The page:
In an ideal world, you will retire and enjoy many years fulfilling your dreams and spending time with those you love the most. Your retirement years can be some of the happiest and most enjoyable years of your life. But while we all hope for the best outcome possible, it may be prudent for you to plan for the possibility that life may deal you a difficult hand.

Your retirement plan should address the very real possibility that a chronic illness could strike – whether it’s you, your spouse or another loved one that’s affected. For many retirees, there is a good chance the chronic illness they may face later in life will be Alzheimer’s disease.
Today, more than 5.4 million Americans have Alzheimer’s and nearly half of people 85 and older have Alzheimer’s. So, while living well past your retirement age is desirable to practically everyone, living a long life does come with challenges.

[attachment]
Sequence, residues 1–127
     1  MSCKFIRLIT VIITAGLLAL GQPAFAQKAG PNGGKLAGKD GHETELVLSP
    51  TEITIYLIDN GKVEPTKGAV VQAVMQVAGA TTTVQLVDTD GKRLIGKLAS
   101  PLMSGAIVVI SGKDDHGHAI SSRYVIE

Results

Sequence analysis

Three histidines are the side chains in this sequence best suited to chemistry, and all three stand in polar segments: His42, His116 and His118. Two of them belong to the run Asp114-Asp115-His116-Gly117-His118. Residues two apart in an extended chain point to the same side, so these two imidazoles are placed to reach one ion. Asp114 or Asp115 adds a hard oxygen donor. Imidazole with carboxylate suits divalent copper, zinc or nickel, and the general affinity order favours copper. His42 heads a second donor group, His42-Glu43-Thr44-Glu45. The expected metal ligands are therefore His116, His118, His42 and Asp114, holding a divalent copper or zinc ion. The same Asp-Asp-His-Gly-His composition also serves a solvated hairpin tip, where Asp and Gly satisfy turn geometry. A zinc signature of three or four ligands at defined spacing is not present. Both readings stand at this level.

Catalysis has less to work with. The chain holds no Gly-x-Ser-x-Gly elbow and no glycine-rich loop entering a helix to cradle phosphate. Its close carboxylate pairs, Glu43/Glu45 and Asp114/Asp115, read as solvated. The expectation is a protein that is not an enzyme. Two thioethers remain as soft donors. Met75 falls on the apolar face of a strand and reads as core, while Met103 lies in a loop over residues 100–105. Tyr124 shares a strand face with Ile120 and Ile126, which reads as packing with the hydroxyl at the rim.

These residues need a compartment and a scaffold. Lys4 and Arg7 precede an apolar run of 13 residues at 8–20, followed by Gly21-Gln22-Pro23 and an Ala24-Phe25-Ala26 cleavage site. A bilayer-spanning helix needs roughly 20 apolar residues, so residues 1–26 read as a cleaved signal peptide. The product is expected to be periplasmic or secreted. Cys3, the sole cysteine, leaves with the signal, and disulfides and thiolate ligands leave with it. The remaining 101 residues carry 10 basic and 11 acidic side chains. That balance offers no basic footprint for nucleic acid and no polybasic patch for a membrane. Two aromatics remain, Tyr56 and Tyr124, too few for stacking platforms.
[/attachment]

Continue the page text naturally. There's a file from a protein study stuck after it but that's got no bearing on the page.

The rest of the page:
The financial costs associated with Alzheimer’s

Put frankly, Alzheimer’s is an expensive disease to deal with. According to the Alzheimer’s Association, payments for care associated with Alzheimer’s totaled $200 billion in 2012. That’s just for care related directly to treating the patient; it does not factor in lost wages or other expenses loved ones may incur when caring for the person with Alzheimer’s. And care received in a nursing home or assisted living facility can easily runs $3,000 a month or more, according to U.S. Department of Health and Human Services.

The good news is that planning ahead can help put you in a position where you may be able to afford chronic care. It should be part of any discussion you may have.
A plan for dealing with the costs of chronic care needs to be implemented before you develop Alzheimer’s or another chronic disease.
It’s important to remember that while there’s no known cure for Alzheimer’s, living a heart-healthy lifestyle can help delay the onset of the disease.

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